The regulation of pharmacy technicians was driven by changing roles in pharmacy. The pharmacy practice environment was growing in complexity due to increasing demands on the provision of patient care and health services. There was a need to ensure that patients continued to be protected throughout the shift in responsibilities between pharmacists and pharmacy technicians. The result was a framework that kept pace with modern pharmacy practice; ensuring pharmacy technicians were qualified and appropriately assessed. As a practicing pharmacy technician I was, and continue to be, fully supportive of the regulation of pharmacy technicians. I’m lucky that I am able to practice autonomously and to full scope as a pharmacy technician, but I realize that many of my peers aren’t so lucky. A recent experience with our current pharmacy practice model as a patient helped me to realize some of its flaws. It is based upon there still being a place for unregulated pharmacy personnel, often referred to as pharmacy assistants. This is a model driven by the business aspects of pharmacy, but as a healthcare profession, we must be careful that we don’t allow potentially unsafe situations by the inappropriate utilization of pharmacy assistants.
Recently, my three year old daughter experienced an infection following an insect bite. That meant a new antibiotic prescription, so off I went to our community pharmacy to get the medication. I was greeted at the drop-off counter by a new pharmacy assistant, who I’ll call Henry. Henry was working that day with Mary, one of the regular staff pharmacists who I knew well. They were the only two pharmacy staff working at the pharmacy on this particular day. When accepting the prescription Henry was pleasant and knew all the right questions to ask to confirm my daughter’s health information. He also asked her current weight and even confirmed that she had a skin infection. He also checked that the medication was in stock before I walked away from the counter and waited for the prescription to be prepared. When I returned to the pharmacy after a short wait, Mary met me at the pick-up counter with the labeled medication bottle in hand. We had a short counselling session and I asked for oral syringes so that I could unit-dose the medication to send along to my daughter’s daycare. While Mary obtained the syringes for me, Henry took the bottle to reconstitute the oral suspension since it had not yet been done. I watched as Henry measured the water and added it to the bottle. This happened while Mary was at the opposite side of the pharmacy trying to affix tip caps to the oral syringes I had requested. Mary returned, Henry passed the bottle to her, she placed it into a bag with the syringes and I was on my way.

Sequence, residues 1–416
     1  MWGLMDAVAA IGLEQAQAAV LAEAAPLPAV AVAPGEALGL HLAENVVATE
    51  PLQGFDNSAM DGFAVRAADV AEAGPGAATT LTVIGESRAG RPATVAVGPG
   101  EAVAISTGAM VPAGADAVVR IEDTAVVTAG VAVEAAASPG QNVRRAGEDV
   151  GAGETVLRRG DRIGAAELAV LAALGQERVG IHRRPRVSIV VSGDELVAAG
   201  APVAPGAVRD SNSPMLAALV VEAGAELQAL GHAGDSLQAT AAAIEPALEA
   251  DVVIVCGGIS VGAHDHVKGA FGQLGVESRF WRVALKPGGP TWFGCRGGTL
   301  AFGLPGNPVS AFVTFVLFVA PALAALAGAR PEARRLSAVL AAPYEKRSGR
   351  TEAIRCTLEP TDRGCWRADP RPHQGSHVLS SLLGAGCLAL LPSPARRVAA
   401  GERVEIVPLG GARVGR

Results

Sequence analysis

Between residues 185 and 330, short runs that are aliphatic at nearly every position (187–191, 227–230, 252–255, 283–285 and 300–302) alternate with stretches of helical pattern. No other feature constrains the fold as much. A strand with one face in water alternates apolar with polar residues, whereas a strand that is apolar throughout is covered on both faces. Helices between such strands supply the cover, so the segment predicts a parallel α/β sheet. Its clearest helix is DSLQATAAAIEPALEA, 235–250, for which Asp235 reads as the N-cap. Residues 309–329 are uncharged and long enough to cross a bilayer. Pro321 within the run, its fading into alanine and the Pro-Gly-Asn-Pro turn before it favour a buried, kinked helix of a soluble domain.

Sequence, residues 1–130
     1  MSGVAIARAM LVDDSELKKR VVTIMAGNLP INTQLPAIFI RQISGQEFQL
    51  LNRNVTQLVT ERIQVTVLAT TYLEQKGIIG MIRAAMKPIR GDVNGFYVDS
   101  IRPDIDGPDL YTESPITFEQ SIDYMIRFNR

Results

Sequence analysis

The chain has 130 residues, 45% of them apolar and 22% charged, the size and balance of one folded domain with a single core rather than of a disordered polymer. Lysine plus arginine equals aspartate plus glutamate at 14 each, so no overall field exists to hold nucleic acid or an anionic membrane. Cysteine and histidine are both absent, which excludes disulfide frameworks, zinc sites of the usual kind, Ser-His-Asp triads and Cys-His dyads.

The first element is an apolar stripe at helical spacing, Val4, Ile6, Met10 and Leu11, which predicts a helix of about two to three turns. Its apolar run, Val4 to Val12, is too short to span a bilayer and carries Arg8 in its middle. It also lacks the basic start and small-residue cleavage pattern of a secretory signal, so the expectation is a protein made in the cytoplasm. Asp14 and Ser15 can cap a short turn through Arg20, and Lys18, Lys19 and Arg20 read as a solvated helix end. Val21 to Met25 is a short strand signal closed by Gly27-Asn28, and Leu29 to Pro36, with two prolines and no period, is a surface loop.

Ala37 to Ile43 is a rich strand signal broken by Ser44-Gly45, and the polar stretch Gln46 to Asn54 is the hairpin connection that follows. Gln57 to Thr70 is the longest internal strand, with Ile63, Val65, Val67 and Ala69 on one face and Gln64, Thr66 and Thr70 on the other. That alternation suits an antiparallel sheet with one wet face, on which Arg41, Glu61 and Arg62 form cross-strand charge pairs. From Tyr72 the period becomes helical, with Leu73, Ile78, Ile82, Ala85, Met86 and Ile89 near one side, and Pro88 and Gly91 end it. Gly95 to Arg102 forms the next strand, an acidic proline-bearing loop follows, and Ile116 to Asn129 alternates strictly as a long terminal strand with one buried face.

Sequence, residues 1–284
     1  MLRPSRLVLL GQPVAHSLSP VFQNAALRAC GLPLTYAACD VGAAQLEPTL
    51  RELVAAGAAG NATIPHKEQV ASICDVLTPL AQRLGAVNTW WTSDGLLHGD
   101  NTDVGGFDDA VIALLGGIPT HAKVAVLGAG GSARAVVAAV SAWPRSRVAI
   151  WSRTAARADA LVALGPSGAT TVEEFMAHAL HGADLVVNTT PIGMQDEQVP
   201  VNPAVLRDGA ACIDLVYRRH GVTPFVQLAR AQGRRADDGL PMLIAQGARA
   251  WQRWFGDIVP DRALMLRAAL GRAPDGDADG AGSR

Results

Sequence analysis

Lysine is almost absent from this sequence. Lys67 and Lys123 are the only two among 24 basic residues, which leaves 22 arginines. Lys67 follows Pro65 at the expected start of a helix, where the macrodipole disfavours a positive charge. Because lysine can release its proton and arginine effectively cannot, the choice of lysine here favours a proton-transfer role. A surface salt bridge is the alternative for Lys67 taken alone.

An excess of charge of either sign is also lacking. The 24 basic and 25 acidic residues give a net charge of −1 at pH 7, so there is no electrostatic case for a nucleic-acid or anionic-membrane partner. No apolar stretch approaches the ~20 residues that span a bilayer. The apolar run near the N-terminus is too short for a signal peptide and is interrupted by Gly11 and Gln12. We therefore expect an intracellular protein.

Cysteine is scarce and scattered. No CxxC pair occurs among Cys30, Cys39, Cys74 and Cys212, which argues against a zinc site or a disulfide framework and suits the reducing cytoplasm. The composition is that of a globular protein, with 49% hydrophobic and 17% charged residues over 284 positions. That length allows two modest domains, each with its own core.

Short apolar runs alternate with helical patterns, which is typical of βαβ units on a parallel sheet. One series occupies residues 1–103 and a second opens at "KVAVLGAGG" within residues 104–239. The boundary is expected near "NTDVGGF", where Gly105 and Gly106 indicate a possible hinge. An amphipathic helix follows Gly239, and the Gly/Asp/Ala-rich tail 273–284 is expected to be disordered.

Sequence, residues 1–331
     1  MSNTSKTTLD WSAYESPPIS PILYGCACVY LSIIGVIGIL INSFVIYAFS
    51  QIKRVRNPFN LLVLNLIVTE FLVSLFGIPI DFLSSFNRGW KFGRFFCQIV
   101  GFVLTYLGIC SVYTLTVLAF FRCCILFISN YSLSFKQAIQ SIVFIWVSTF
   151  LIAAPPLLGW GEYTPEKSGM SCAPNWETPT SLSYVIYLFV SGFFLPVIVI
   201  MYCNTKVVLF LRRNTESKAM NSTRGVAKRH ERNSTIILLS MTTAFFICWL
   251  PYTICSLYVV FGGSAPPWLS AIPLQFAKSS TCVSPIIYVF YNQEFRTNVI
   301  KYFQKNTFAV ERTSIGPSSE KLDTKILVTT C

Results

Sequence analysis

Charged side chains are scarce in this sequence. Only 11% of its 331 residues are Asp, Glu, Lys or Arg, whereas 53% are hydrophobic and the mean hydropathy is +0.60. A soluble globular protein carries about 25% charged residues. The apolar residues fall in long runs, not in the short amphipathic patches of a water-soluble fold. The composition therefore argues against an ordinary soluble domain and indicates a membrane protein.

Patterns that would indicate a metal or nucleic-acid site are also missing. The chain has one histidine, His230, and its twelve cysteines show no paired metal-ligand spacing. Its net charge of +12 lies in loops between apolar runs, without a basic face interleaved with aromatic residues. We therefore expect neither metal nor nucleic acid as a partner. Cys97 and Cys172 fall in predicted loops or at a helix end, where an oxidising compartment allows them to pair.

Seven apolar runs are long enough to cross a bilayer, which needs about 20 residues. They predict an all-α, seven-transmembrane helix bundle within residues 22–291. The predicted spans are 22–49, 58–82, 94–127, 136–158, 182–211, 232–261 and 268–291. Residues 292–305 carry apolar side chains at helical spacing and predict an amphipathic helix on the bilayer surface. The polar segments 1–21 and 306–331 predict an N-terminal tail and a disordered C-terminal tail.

Even though the scenario was a fairly standard prescription filling experience, and quite positive, I couldn’t help feel uneasy about it. Henry did all the right things and I was impressed with my interactions with him, so much so, that I asked him what his background was. He told me that he was brand-new to pharmacy. He recently completed a degree and was thinking about going back to pharmacy school, so he applied for the open pharmacy assistant position to learn more about working in the field. Henry had not had any formal pharmacy training, but his aptitude and successful on-the-job training were very evident. Despite this, I’m not certain that this scenario demonstrates appropriate pharmacy practice in action. As unregulated pharmacy employees, pharmacy assistants like Henry, must be directly supervised. According to Alberta regulations, this means that the pharmacy technician or pharmacist who is providing the supervision must “be able to observe and promptly intervene and stop or change the actions of the individual who is under supervision”. I believe Mary failed to properly supervise Henry’s reconstitution of the oral antibiotic and ultimately confirm the integrity of the final product. Additionally, section 20.7 of the Standards of Practice for Pharmacy and Pharmacy Technicians outlines the activities that an unregulated employee engaged in providing a drug may perform, such as entering the prescription into the computer, selecting the drug from stock, and filling it. While Mary was in the pharmacy and potentially listening to the conversation Henry and I had, it was not appropriate for him to gather the patient and health information needed to fill my daughter’s prescription.
The utilization of pharmacy assistants in practice may be necessary in some situations but it should only be done when it’s in patients’ best interests. The tasks pharmacy assistants perform must be within clearly defined limits with identifiable outcomes, and there must be sufficient training and supervision so that the pharmacy assistant can perform the tasks safely and within standards. Pharmacy assistants cannot be used as replacements for pharmacy technicians. When appropriately utilized, pharmacy assistants, help with, or perform certain pharmacy tasks that do not require the expertise or authorization of a pharmacy technician. One could argue that this also means a pharmacy assistant should never be working in a pharmacy where there is no pharmacy technician employed. Recently, the largest publicly funded health system in the UK, the National Health Service, reported that extensive substitution of registered nurses with unskilled support workers resulted in inadequate patient care, increased morbidity and mortality rates, and negative nurse outcomes. You can read about that here. If we don’t change direction now and eliminate inappropriate practices, like the one I experienced, we risk the same thing happening within pharmacy.
Do you agree? How do you think we can appropriately utilize pharmacy assistants while ensuring pharmacy technicians and pharmacists are able to practice to full scope? Share your thoughts in the comments below.